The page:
And travel was important for artists wishing to gain favour outside of their native cities. Artemisia moved to Florence immediately after her rape trial, but only because she’d been married off to a minor Florentine artist — Pierantonio Stiattesi, the brother of her defence lawyer. For Artemisia this move marked an important moment in her career — it got her out of Orazio’s house (and studio) and set her on her way to becoming an independent artist. It was in Florence, after all, that she became the first female member of the Accademia delle Arti del Disegno (in 1616) and established her reputation. In the Gentileschi-Stiattesi household it was Artemisia who was the main breadwinner, being the more celebrated artist of the two. She suffered financial pressures throughout her life, particularly following the estrangement from her husband. In the 1630s Artemisia was especially concerned about financing a dowry for her adult daughter, and in 1649 she wrote to Don Antonio Ruffo saying quite plainly that she was bankrupt (‘son fallita’). Artemisia is all the more extraordinary for having succeeded despite the artistic, financial, and reputational pressures of being a woman artist, particularly one without stable employment at court or a wealthy husband at her side.SAQ:
How did the life of a woman artist differ from that of a man’s?LT:
It’s frequently forgotten in talking about women artists that, as well as being professional painters, they were also mothers. Lavinia Fontana gave birth to an astonishing eleven children and Artemisia had five children over a period of just five years in Florence, just as her career was taking off. Her daughter Prudenzia, named after Artemisia’s own mother (whom she’d lost when she was twelve), is the only one who survived to adulthood. She too became a painter and although no certain works by her are known, Artemisia actively promoted her daughter’s work through her own contacts and patrons.FWC:
At the same time, some women artists didn’t marry. Carriera had two sisters, one of whom married an artist and the other assisted in her studio. I think for her, marriage would have meant giving up her artistic career — you get the sense from her correspondence that there wasn’t the possibility of doing both. Aside from the details of their family life, women artists certainly had much less freedom than men — whether that was in relation to travel, as with Carriera, or in terms of academy membership and the opportunity to study from a model or even to train with someone outside their own family. But some women artists used their femininity to their advantage. Vigée-Lebrun, for example, produced wonderfully informal, tender portraits of Queen Marie Antoinette and her children, which in turn won her numerous commissions from other members of the French court. It was Marie Antoinette who secured Vigée-Lebrun’s membership to the Académie royale — she was admitted without having to go through any of the normal admission procedures, much to the annoyance of her male colleagues!LT:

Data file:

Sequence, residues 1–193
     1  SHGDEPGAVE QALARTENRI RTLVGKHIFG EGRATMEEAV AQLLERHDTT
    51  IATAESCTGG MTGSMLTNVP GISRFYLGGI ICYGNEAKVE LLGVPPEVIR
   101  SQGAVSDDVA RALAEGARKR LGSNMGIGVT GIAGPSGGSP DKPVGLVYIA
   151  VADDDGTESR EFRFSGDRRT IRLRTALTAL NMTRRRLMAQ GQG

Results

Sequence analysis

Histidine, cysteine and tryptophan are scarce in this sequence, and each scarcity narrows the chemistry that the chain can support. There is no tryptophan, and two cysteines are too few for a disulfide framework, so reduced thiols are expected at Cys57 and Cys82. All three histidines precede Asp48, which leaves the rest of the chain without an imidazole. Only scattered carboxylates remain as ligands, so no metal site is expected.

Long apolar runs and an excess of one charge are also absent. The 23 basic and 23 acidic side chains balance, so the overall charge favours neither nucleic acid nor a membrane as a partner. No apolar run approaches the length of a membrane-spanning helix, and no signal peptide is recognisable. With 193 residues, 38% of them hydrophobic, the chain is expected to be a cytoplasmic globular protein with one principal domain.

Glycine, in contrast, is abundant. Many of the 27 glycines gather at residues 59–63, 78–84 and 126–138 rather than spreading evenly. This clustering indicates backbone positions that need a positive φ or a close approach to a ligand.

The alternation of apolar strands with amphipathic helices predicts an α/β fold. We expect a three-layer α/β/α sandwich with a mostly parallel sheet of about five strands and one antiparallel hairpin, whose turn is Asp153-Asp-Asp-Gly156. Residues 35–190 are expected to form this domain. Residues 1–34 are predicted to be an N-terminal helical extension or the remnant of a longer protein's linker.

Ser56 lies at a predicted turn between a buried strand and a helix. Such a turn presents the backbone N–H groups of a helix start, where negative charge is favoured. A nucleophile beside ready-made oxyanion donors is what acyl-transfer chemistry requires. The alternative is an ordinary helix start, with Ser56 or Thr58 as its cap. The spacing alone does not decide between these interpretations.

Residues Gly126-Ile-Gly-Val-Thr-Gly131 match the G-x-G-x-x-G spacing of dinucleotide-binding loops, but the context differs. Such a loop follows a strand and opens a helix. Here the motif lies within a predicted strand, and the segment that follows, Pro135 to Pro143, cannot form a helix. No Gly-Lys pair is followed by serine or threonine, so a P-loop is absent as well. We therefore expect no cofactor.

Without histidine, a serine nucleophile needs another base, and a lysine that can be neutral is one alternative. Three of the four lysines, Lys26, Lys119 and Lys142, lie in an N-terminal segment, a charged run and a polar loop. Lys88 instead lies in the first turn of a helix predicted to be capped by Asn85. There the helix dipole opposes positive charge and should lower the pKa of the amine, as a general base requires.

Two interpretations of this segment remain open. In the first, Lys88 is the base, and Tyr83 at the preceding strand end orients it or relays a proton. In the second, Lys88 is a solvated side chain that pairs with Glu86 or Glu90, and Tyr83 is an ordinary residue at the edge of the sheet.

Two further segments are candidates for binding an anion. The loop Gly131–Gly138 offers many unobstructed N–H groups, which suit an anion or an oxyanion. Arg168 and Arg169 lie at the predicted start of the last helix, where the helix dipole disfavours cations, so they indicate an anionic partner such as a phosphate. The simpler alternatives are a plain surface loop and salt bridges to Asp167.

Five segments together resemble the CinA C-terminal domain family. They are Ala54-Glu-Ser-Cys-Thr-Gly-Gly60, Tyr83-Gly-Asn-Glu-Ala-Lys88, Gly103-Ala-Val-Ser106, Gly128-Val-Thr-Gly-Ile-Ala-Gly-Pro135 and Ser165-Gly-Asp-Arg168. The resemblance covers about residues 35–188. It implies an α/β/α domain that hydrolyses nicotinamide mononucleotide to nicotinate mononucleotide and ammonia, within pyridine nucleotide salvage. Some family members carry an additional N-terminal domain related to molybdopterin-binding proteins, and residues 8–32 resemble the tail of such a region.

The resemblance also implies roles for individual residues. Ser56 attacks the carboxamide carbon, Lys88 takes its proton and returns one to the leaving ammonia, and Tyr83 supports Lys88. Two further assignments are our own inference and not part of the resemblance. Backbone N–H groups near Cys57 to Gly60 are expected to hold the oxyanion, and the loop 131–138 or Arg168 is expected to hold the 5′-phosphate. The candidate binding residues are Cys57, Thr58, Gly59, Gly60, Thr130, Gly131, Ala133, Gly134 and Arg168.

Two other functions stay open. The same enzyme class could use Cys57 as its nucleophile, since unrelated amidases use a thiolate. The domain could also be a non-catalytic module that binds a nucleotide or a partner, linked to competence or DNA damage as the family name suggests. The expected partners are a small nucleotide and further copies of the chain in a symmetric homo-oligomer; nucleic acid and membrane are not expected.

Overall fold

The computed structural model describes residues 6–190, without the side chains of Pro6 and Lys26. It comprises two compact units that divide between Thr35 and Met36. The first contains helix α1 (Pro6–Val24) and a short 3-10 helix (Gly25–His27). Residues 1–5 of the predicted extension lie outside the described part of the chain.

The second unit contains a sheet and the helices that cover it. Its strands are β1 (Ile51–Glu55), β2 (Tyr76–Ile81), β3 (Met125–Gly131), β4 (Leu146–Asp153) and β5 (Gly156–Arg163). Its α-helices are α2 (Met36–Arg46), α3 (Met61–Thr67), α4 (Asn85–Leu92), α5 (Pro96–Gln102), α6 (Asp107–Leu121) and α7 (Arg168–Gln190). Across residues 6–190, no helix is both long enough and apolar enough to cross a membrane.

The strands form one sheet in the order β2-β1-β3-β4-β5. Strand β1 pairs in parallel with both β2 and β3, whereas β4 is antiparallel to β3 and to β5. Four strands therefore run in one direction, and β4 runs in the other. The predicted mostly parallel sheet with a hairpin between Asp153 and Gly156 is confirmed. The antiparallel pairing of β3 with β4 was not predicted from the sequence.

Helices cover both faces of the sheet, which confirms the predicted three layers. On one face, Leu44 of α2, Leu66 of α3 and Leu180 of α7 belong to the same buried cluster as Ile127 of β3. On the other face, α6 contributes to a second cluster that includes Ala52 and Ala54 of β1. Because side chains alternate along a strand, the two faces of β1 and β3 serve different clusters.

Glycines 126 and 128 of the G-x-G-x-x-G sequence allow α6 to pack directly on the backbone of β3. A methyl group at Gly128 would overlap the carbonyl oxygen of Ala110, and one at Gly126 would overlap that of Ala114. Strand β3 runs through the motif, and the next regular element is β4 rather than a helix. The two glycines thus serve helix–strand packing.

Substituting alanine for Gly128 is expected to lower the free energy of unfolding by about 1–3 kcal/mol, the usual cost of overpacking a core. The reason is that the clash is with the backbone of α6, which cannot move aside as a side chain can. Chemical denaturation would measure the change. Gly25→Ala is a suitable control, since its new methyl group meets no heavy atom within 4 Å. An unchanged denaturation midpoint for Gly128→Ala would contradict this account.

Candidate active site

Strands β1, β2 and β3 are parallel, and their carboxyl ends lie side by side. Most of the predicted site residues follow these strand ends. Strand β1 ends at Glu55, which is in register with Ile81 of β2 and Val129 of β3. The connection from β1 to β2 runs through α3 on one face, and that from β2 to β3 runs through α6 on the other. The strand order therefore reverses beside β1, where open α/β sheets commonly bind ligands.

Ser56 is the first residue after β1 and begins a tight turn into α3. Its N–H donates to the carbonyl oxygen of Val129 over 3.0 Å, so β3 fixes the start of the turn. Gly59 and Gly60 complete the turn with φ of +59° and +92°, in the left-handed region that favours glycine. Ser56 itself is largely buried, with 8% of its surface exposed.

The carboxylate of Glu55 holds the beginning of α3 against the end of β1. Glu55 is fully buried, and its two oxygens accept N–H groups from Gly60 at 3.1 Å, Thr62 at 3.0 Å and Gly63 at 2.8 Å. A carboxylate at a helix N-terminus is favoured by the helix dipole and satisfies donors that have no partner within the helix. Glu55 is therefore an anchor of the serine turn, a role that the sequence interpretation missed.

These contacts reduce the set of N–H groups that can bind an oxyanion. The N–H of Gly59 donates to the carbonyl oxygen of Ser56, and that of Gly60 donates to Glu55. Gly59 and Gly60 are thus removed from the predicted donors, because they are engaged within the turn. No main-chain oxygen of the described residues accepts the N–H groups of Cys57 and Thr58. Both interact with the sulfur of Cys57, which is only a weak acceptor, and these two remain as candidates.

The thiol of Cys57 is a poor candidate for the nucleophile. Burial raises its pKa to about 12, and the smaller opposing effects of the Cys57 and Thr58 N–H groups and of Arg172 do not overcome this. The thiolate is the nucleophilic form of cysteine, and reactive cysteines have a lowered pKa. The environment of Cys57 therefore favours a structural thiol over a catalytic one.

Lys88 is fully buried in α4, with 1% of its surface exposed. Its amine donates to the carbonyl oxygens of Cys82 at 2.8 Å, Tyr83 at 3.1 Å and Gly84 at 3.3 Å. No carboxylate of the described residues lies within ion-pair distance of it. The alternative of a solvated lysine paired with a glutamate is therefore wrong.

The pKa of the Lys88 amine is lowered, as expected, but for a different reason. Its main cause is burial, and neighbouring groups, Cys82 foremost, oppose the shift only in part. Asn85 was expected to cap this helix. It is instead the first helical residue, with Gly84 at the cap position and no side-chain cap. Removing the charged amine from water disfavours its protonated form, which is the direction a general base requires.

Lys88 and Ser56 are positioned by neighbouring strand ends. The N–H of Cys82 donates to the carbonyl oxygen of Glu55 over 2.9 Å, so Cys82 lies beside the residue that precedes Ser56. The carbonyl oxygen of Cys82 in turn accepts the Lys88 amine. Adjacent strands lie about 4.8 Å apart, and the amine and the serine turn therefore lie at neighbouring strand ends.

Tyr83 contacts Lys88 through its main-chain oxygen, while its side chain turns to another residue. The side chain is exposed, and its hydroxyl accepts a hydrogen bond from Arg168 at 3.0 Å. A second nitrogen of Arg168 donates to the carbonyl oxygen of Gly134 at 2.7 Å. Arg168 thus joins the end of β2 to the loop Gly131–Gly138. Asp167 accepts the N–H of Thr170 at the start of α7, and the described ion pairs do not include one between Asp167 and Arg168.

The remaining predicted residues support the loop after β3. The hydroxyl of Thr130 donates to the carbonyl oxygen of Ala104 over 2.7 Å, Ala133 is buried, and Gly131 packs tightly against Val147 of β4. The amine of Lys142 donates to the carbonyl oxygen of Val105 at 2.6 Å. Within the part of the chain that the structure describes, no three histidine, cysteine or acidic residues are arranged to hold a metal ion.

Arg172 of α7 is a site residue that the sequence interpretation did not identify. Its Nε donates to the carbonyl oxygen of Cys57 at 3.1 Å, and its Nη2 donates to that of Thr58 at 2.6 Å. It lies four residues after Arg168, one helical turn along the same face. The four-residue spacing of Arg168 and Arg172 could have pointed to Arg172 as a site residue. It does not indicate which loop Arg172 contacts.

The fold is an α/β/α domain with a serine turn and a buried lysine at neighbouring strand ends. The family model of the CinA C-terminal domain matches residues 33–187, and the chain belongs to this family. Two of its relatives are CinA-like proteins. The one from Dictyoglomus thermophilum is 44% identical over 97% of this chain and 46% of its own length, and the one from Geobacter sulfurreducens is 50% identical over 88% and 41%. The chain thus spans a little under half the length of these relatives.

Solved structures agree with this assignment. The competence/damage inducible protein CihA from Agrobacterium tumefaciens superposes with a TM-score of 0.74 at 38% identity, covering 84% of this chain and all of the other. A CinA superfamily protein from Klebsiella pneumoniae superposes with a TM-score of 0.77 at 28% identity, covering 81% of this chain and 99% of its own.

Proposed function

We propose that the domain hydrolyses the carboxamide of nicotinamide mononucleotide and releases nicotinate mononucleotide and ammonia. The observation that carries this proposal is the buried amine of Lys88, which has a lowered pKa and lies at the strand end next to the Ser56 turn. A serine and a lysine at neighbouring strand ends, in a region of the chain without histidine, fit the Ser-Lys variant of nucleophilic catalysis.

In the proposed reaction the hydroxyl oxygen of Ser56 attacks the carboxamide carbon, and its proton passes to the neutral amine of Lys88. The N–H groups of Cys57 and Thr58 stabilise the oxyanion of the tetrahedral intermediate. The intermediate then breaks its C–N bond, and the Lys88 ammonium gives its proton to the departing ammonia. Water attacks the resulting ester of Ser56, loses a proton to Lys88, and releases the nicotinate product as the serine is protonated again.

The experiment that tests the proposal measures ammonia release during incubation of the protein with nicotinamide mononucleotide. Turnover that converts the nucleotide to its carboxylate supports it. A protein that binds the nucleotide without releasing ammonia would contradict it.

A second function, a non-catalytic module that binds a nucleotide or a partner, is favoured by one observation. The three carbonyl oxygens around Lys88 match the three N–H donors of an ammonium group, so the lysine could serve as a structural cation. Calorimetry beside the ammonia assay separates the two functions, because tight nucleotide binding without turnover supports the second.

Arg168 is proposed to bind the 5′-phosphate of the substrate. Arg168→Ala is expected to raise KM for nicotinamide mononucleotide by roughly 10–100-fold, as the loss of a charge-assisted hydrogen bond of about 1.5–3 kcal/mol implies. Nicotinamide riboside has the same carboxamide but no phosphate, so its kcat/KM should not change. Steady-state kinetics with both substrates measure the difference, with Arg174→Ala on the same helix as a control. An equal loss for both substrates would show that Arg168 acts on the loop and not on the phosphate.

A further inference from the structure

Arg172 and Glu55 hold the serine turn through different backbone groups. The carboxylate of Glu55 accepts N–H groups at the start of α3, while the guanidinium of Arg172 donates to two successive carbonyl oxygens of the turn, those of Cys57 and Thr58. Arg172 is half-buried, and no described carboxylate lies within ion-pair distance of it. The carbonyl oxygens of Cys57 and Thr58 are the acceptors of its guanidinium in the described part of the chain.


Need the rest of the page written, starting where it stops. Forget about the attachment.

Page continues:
Your point about women painters using their femininity — or their singularity — to their advantage is also true of Artemisia. She was a renowned beauty and seems to have used her own image frequently, especially in Florence where a number of self-portraits are recorded. Artemisia was fully aware of the appeal such paintings had for collectors, particularly as her fame grew, and she explicitly offers her self-portraits to Cassiano dal Pozzo in Rome and Don Antonio Ruffo in Messina to include in their ‘galleries’ of eminent and illustrious painters.FWC:
Yes, there’s definitely an appeal in the eighteenth century too about owning a work painted by a woman. Owning a pastel by Carriera was extremely desirable. People talked of wanting to possess a work by Carriera, especially her self-portraits, even though her biographers repeatedly noted rather bluntly that she was not an attractive woman. And we know, too, from correspondence, that some of her collectors found themselves experiencing this blurring of boundaries between what was in the frame and the woman who painted it. People frequently connected her depictions of women with Carriera herself, even when she wasn’t painting a self-portrait.LT: